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In the five segments of urban households classified by household income, the middle class can be categorized as households earning Rs. 3-5 lakh per annum. This is a larger segment that the two higher-income segments detailed earlier in this series and comprises more than 10% of the urban Indian households and population. These households contribute around 13% of the total urban expenditure and savings, much lower than the richer segments.
The shift down in income is also reflected in the changing composition of the consumption basket—these households spend a larger share on food than the richer segments. The top priority—basic food—takes up close to 10% of total expenses on an average, with vegetables just a little lower. These two are followed by milk and milk products in the order of importance in the food basket. Obviously, rising prices of these commodities hurt this income group much more than the richer urban households.
Interestingly, the share of paan, tobacco and intoxicants begins to inch up in this segment as consumption increases relatively. The share of miscellaneous services comes down as other more basic needs have to be fulfilled. So, we find a higher share for packaged consumer goods in this income segment’s consumption compared with the higher income groups.
The top components of household consumption remain travel and conveyance, consumer services and rent. But all of them have significantly lower shares than in the richer segments, as food begins to dominate budgets. These three also have a much lower expense per household on an average compared with the higher segments. There are some regional differences though—when it comes to travel and conveyance, the western states, on an average, spend more, and the southern states spend marginally more per household on consumer services. The southern states also spend significantly more on rent on an average in this segment.
Expenditure in this segment is relatively more evenly spread out across the country; Mumbai, Delhi and Thane make up the three main centres followed by Ahmedabad and Bangalore. There are of course differences in the way households spend across cities. For instance, smaller cities such as Jabalpur, Nagpur, Bhopal, Ernakulam, Agra, Indore and Udaipur spend more on travel and conveyance, while Allahabad, Aizawl, Jabalpur, Chennai, Mumbai and Kolkata have higher shares of spend on consumer services than other cities.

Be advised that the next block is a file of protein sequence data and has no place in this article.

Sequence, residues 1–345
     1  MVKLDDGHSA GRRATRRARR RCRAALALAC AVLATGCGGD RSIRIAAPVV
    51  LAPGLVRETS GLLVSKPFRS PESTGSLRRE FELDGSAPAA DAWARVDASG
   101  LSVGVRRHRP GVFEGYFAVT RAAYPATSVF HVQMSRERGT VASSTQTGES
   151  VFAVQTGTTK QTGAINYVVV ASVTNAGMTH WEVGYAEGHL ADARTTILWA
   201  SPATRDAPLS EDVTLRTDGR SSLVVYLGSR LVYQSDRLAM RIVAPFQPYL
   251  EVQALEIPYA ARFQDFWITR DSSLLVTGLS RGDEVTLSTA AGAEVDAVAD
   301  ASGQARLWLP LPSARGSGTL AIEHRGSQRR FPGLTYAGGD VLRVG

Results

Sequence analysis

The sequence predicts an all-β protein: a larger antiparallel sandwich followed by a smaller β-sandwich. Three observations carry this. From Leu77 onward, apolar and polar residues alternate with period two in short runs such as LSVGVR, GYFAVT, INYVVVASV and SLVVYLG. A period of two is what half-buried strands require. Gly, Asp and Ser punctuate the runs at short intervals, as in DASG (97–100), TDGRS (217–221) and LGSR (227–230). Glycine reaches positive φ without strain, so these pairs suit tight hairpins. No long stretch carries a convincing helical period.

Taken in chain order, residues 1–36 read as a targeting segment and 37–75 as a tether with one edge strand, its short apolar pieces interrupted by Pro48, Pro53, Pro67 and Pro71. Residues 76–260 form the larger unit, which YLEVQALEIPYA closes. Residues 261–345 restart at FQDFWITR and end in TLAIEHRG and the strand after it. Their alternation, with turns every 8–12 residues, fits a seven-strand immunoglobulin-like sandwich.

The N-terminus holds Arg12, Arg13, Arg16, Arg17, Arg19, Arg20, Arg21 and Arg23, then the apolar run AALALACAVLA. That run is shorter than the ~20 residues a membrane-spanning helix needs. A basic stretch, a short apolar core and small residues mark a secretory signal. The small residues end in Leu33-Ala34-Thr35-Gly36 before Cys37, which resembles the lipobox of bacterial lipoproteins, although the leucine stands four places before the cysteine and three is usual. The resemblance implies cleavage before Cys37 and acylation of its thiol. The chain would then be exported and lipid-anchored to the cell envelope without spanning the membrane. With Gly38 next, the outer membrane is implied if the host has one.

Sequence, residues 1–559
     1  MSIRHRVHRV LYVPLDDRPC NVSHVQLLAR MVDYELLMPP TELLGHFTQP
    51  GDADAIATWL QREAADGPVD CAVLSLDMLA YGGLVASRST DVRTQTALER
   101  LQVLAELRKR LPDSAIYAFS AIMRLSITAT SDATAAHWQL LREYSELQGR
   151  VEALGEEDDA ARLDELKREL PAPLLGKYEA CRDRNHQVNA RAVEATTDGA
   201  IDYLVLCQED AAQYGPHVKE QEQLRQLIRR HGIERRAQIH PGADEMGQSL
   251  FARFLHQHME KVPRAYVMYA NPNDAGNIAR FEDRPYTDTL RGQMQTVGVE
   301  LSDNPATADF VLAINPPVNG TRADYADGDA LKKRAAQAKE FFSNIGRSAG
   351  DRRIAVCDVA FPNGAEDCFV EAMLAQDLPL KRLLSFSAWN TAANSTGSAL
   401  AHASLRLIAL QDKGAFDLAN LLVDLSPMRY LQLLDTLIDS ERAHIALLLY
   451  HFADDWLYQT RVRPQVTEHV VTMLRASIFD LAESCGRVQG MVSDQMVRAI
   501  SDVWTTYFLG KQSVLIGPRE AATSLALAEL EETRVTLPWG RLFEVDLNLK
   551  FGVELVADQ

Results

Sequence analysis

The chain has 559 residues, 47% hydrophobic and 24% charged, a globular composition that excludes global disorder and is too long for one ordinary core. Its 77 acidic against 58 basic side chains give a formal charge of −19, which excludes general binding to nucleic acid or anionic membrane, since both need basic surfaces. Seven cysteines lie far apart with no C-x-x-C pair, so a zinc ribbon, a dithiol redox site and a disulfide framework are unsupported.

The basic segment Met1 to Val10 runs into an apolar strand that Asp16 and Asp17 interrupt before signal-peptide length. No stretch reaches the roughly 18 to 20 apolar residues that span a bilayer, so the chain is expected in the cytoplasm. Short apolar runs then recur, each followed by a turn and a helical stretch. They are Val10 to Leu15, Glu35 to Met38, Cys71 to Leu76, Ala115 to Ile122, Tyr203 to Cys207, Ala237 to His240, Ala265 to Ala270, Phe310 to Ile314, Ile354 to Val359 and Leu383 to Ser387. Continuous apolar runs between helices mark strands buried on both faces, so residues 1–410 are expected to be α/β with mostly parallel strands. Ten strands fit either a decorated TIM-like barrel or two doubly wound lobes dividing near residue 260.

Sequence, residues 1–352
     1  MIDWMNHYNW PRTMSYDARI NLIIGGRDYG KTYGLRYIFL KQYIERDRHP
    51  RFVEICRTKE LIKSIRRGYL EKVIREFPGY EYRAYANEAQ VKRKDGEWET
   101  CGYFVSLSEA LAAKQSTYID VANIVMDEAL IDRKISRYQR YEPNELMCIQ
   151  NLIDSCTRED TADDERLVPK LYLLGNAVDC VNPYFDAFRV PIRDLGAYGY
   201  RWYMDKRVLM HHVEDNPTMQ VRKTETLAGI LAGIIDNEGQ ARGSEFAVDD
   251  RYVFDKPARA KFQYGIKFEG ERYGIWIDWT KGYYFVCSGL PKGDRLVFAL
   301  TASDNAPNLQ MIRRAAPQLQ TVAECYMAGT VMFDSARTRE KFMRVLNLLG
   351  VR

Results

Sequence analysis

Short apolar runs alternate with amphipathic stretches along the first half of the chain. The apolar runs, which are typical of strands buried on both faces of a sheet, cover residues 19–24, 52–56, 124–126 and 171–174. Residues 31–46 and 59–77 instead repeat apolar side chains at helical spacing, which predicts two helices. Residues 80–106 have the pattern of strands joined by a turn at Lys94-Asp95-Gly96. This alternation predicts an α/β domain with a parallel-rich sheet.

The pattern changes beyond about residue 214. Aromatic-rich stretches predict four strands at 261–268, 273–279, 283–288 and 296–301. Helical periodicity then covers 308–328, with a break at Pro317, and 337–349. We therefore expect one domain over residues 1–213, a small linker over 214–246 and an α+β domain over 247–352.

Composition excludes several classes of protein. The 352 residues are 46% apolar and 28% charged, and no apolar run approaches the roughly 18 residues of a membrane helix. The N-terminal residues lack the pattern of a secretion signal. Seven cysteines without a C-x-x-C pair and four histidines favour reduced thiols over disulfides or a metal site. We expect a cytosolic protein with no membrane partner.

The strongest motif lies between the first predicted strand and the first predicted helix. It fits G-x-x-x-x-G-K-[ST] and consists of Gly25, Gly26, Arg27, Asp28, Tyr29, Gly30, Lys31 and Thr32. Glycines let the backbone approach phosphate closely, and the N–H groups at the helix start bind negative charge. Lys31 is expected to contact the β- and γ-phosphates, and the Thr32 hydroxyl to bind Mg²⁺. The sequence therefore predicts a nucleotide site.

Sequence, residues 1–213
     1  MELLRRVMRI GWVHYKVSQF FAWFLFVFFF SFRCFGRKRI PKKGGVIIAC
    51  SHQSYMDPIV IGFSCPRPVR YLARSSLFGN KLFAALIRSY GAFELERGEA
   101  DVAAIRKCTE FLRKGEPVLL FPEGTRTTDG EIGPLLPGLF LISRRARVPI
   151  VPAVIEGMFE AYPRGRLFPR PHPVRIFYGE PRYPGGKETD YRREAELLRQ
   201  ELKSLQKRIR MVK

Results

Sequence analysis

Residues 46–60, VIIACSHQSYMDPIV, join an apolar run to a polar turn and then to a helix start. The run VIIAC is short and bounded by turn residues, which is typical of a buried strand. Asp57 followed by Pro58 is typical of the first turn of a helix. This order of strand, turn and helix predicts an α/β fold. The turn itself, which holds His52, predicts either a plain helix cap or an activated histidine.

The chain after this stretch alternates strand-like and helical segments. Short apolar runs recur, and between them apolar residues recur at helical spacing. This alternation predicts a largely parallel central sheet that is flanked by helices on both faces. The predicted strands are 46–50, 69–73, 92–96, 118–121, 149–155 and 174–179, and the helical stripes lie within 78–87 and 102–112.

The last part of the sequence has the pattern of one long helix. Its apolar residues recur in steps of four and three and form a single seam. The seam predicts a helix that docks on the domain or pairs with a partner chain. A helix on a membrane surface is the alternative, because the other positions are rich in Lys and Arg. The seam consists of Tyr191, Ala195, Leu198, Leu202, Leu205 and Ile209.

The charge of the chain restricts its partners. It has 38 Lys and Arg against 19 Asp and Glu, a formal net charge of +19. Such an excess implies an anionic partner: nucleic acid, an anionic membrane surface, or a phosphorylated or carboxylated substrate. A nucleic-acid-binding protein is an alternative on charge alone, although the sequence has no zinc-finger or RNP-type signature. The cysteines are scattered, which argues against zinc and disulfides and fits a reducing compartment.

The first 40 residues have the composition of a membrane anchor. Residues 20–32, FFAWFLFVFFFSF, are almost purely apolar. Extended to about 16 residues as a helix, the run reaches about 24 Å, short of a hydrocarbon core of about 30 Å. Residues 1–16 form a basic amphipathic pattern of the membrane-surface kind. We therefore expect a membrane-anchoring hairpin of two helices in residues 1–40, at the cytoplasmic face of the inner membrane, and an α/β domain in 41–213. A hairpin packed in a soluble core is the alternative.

When it comes to the third largest component of the household budget, rent, households spend relatively more in Tiruchirappalli, Kancheepuram, Bangalore, Chennai, Thiruvallur and Hyderabad. Basic food takes up a higher share of the total budget in Bilaspur, Durg and Cuttack, while households in Mangalore and Chandigarh spend a higher share on processed food. Education takes up more than 10% of the expenses in Adilabad, Kurnool, Chandigarh, Kanpur and Dehradun and medical expenses are relatively higher in households in Medinipur, Hugli, Kollam, Sangrur and Kolhapur.
Looking at average household expenditure, cities again exhibit different consumption patterns within this group. Per-household expenses on medicare are lowest in Bangalore and Delhi, among the 10 main cities, and highest in Kolkata. Medical expenses in Delhi are, on average, half of that spent in Mumbai, while Kolkata households spend twice that of households in Chennai spend. Expenses on education are lowest in Surat and Ahmedabad, highest again in Kolkata. Bangalore and Chennai have much higher rent expenses per household, and Ahmedabad spends the lowest.
Within this income segment, there would be various types of households and the different education and occupational profiles of the chief wage earner as well as the different life stages and family structures would dictate the actual levels of income, savings and the type of consumption. Finer segmentation would, therefore, go a long way in understanding the nuances of the Indian urban c